And here we are once again for another week of historical events. I’m quite glad I decided to do this by the week, since it gives me the opportunity to prepare ahead of time to write something based on or associated with any momentous events or otherwise exciting types of things. I certainly won’t always be able to keep pace with what’s happened in history every week, but it could come in handy when I’m not quite sure how to proceed or what to post next. It could be good for some suggestions. Let’s see if there’s anything good this week.
1891 – Federico Moreno Torroba, Spanish composer
2003 – Goffredo Petrassi, Italian composer and conductor
A couple of important people in the list for this day. d’Albert has a sonata that’s been on and off in my rotation for a while. He apparently also had a long list of ex-wives (I think that was him).
No events. Births:
1915 – Carlos Surinach, Spanish-Catalan composer and conductor
1921 – Halim El-Dabh, Egyptian-American composer (electronic music from an old Egyptian? maybe worth checking into)
1921 – Kaljo Raid, Estonian composer, cellist and clergyman
1936 – Aribert Reimann, German pianist and composer
1943 – Zoltán Jeney, Hungarian pianist and composer
1947 – Pēteris Plakidis, Latvian pianist and composer
1925 – Moritz Moszkowski, Polish-German pianist and composer
1999 – Miłosz Magin, Polish pianist and composer
2008 – Leonard Rosenman, American composer and conductor
Everyone knows Vivaldi, and Haitink is an important one. He’s a fantastic conductor, and I have much of his Tchaikovsky, some of his Mahler. I find him to be a reliable interpreter of almost everything, or at least a good place to start. I find him to be quite an enjoyable person to listen to in interviews and things as well.
1748 – William Shield, English violinist and composer
1931 – Barry Tuckwell, Australian horn player
1948 – Richard Hickox, English conductor
1954 – Jack Stamp, American conductor and composer (played some of this guy’s pieces before).
1991 – Daniil Trifonov, Russian pianist (this kid is sickeningly talented, or sickeningly young, or maybe they exacerbate one another. Amazing).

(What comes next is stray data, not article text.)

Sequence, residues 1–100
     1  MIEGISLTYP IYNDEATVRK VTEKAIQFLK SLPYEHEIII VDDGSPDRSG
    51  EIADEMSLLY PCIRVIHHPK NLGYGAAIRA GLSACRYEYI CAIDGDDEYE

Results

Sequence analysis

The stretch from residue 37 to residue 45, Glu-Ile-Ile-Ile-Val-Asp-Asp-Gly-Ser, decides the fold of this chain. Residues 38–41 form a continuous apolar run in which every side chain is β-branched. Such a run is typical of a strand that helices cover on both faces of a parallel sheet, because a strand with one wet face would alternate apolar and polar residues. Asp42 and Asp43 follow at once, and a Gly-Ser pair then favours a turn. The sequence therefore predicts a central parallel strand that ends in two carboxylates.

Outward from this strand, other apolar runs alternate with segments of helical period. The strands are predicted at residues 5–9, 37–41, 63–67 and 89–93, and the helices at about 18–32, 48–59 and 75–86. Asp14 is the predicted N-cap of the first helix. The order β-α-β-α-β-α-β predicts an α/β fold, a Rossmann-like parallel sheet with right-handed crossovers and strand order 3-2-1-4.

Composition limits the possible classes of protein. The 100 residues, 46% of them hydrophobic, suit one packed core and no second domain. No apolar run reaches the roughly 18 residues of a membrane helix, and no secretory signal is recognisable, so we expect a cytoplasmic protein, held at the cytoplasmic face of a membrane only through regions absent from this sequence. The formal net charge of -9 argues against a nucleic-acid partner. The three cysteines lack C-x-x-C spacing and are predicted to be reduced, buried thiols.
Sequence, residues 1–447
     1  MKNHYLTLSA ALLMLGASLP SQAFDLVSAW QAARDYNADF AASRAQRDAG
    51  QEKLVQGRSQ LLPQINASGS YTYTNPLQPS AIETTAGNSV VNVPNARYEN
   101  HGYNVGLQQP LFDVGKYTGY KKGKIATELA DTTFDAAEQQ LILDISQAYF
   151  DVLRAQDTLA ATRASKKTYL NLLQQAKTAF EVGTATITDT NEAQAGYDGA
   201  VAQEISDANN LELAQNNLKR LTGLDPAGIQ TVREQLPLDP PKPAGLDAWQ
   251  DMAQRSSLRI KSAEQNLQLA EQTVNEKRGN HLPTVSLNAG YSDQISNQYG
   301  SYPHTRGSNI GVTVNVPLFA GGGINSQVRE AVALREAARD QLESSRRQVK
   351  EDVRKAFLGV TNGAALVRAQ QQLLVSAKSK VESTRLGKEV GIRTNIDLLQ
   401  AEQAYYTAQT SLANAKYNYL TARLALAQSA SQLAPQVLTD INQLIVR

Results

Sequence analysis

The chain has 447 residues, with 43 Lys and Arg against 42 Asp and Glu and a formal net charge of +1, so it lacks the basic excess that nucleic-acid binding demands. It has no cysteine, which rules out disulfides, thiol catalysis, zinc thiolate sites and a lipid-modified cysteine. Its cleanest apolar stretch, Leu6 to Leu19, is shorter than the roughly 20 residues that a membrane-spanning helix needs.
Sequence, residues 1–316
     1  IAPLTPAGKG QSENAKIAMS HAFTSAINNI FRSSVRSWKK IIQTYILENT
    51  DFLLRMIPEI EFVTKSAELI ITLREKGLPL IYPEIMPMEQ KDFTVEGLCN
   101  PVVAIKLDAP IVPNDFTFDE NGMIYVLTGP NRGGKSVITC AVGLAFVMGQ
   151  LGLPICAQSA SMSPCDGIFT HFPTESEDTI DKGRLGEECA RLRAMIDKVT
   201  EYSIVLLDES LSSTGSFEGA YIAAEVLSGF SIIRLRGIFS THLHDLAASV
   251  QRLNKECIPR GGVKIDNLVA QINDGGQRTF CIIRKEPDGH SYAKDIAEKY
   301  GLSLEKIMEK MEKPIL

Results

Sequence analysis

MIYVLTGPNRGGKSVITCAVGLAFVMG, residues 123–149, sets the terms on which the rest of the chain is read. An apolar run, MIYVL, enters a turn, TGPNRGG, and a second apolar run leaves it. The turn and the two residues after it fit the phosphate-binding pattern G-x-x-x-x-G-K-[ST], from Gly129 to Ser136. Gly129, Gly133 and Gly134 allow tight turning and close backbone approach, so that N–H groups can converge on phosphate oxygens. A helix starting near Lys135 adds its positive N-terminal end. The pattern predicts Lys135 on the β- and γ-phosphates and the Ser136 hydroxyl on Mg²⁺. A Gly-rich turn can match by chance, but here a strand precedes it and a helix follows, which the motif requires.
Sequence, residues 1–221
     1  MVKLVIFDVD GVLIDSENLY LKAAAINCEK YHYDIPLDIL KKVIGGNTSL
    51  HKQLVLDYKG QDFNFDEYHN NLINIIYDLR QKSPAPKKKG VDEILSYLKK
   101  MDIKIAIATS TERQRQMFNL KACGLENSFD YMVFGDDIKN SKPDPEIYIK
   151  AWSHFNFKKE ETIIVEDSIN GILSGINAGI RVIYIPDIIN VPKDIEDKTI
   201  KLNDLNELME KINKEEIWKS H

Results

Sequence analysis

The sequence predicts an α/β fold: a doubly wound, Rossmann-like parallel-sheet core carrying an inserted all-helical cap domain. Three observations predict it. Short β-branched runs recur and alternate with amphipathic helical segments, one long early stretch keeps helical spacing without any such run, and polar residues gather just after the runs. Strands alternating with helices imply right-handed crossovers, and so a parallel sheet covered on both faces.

1953 – Sergei Prokofiev, Russian pianist, composer, and conductor (this guy is important; he also apparently died the same day as Stalin, like within hours of each other.)
And that’s it for this day. Moving on to 3/6
No musical events. Births:
And that’s about it. On to deaths:
1967 – Zoltán Kodály, Hungarian composer
Well, not a lot happened today, did it? Sousa is important, and I’ve heard of Kondrashin, but I forget in the conducting/recording of what rare piece I couldn’t find anywhere else. Oh, and that guy who wrote like, every march that an American could hum if requested to do so. Would more than likely be Sousa.
Nothing to see here. Births:
1875 – Maurice Ravel, French composer (What a guy. Featured him recently already, and if I weren’t trying to branch out and keep things a bit fresher, I’d feature one of his pieces. I still may…. I still may)
Also, my piano teacher, apparently.
1981 – Kirill Kondrashin, Russian conductor (This guy was born earlier in the week. Just the previous day, in fact. He lived to be a day over 67 years old).
Slim pickings this week…. That Ravel, though…
There haven’t been many events lately. I always find those to be the most exciting.
1904 – Nikos Skalkottas, Greek classical composer (I’m glad they listed him this way so I didn’t have to go look him up and decide whether he merited inclusion.)
1911 – Alan Hovhaness, Armenian-American composer (Hovhaness made a recent appearance as well, for the only piece of music of his that I have. I need to get my hands on some more).
1961 – Thomas Beecham, English conductor (Important conductor, but apparently not such a nice guy. I remember reading that during a famous performance [I think actually a recording] of Sibelius 1, he can be heard yelling at the orchestra from the podium…)
1983 – William Walton, English composer
Seriously, not a lot going on this week.
1842 – Giuseppe Verdi‘s third opera, Nabucco, receives its première performance in Milan; its success establishes Verdi as one of Italy’s foremost opera writers.
Okay, well maybe just one. Births:
1910 – Samuel Barber, American pianist and composer (Featured here more than once, also important. Want to get around to some of his solo works).
And that’s it for this week’s events. I’m not sure that there’s anything new or exciting enough to spur a related post, but we shall see.
Two things about the process of composing this feature every week:
- It gets me to thinking about the history and future of music. It’s interesting to see how things fall into place in history, what things happened relative to one another, and what things may or may not have affected or influenced others. This is part of the serendipity of music that fascinates me. Who heard what as a child or who studied with whom and on and on. Some of this bears itself out in the dates and events I see here and I find it interesting.
- It also serves as an interesting to do list of some important people or things to look up. I’ll read some of these Wikipedia articles as I’m going through them and read about what seem to be some captivating people of whom I have never heard. Perhaps that one glance at a name like Nikos Skalkottas above (whom I intend to investigate further) is all it takes to discover something wonderful and new. Perhaps in among all these names, all four of my readers could discover something fresh or intriguing. That would be nice.